A bullish assessment of the economy by Federal Reserve Chairman Alan Greenspan sent stocks moderately higher Tuesday but failed to give the market a major spark in what was generally a quiet session.
Greenspan's testimony before the Senate Banking Committee, in which he praised the economy's overall health, cheered investors somewhat. However, the Fed chairman did warn again that the central bank would keep a close eye on prices and inflation, and would aggressively raise interest rates if necessary.
"Unfortunately right now, I think investors need time to get acclimated to the economic environment going forward, rising rates, the earnings growth slowdown, things like that," said Scott Wren, equity strategist for A.G. Edwards & Sons. "I don't think earnings will be the story here unless they really disappoint. It's purely a matter of time for us to break out of this slump."
The Dow Jones industrial average rose 55.01, or 0.5 percent, to 10,149.07. The Standard & Poor's 500-stock index gained 7.77, or 0.7 percent, to 1108.67. The Nasdaq composite index advanced 33.24, or 1.8 percent, to 1917.07.
Greenspan's testimony came after a disappointing housing report from the Commerce Department. Construction began on 1.8 million units in June, an 8.5 percent drop from May and the lowest level in more than a year.
Combined with rising interest rates, a dip in consumer spending and profit warnings from major corporations for the rest of the year, the lack of activity in the construction sector gave investors more to worry about.
Many investors were on the sidelines, waiting to see Microsoft's earnings, to be released late Thursday. After the regular session ended Tuesday, the software maker announced a special one-time dividend of $3 per share and said it would double its annual dividend to 32 cents per share. Microsoft, which finished the regular session up 37 cents at $28.32, surged $1.50 in extended trading.
In earnings reports Tuesday, Ford Motor's profit nearly tripled in the second quarter from a year ago, lifted by record earnings at its finance arm and improved business in Europe. Ford fell 38 cents, to $14.60. Altria Group's second-quarter profit rose 7.8 percent, helped by a weak dollar and a favorable tax rate. Its shares slipped 6 cents, to $48.77.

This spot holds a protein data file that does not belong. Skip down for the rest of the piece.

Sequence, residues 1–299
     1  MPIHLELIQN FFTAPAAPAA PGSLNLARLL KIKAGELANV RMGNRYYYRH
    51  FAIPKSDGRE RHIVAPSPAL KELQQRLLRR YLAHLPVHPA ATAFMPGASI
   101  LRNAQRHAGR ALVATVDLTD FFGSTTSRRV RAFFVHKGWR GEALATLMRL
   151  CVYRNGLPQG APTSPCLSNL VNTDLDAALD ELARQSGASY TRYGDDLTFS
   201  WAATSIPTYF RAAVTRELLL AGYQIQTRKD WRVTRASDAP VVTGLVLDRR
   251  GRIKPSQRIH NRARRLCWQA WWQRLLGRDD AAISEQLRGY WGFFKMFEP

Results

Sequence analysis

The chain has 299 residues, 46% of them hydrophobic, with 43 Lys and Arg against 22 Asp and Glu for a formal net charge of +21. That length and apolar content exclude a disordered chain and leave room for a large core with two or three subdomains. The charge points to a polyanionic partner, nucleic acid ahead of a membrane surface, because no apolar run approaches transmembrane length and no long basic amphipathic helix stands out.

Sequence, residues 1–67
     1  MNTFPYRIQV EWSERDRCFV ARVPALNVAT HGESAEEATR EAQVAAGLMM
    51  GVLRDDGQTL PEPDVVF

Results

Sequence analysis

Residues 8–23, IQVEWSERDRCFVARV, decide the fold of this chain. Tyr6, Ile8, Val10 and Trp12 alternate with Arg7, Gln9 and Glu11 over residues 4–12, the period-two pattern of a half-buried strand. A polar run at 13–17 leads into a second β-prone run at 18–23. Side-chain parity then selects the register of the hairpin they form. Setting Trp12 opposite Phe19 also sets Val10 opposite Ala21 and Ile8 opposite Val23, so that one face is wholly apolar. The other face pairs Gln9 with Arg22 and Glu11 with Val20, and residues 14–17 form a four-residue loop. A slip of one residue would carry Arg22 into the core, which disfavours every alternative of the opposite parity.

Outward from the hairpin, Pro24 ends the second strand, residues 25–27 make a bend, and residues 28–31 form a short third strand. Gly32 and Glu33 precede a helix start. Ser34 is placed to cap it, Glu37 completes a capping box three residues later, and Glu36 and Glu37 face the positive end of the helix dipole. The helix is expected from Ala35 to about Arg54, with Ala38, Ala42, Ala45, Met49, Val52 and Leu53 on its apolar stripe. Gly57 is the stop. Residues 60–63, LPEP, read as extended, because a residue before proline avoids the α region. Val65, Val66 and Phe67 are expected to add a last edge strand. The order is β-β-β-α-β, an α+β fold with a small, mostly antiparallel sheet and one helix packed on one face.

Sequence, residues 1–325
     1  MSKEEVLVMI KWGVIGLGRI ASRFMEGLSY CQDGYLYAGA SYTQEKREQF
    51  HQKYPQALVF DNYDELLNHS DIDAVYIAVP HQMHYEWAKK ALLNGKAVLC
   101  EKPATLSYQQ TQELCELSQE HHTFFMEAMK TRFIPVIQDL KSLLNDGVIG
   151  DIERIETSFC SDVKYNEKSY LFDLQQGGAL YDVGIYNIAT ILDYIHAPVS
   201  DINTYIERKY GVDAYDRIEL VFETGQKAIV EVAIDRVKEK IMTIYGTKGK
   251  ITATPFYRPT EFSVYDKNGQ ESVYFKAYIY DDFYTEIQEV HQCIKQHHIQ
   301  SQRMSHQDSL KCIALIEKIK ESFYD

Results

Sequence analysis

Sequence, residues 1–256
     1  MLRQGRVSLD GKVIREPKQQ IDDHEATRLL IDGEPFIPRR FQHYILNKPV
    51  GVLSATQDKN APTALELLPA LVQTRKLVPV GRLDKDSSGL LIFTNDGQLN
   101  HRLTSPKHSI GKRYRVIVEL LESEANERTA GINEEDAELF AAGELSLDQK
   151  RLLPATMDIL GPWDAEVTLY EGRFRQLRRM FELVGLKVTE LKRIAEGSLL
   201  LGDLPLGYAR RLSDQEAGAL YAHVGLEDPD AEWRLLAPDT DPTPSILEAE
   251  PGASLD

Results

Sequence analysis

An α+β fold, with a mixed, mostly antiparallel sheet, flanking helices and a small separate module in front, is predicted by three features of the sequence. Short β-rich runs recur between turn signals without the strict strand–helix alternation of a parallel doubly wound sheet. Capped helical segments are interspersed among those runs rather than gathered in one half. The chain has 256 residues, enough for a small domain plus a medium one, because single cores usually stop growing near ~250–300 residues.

Corning surged $1.42, to $12.69, after it announced a profitable second quarter, reversing the losses of a year ago. The company credited increased demand for its telecommunications and display products.
* The New York Stock Exchange composite index rose 26.37, to 6473.03; the American Stock Exchange index fell 1.70, to 1261.48; and the Russell 2000 index of smaller-company stocks rose 9.46, to 564.19.
* Advancing issues outnumbered declining ones by 3 to 2 on the NYSE, where trading volume rose to 1.44 billion shares, from 1.31 billion on Monday. On the Nasdaq Stock Market, advancers outnumbered decliners by 2 to 1 and volume totaled 1.58 billion, down from 1.75 billion.
* The price of the Treasury's 10-year note fell $6.88 per $1,000 invested, and its yield rose to 4.44 percent, from 4.36 percent on Monday.
* The dollar rose against the Japanese yen and the euro. In late New York trading, a dollar bought 108.57 yen, up from 108.23 late Monday, and a euro bought $1.2335, down from $1.2439.
* Light, sweet crude oil for August delivery settled at $40.86, down 78 cents, on the New York Mercantile Exchange.
* Gold for current delivery fell to $401.90 a troy ounce, from $405.60 on Monday, on the New York Mercantile Exchange's Commodity Exchange.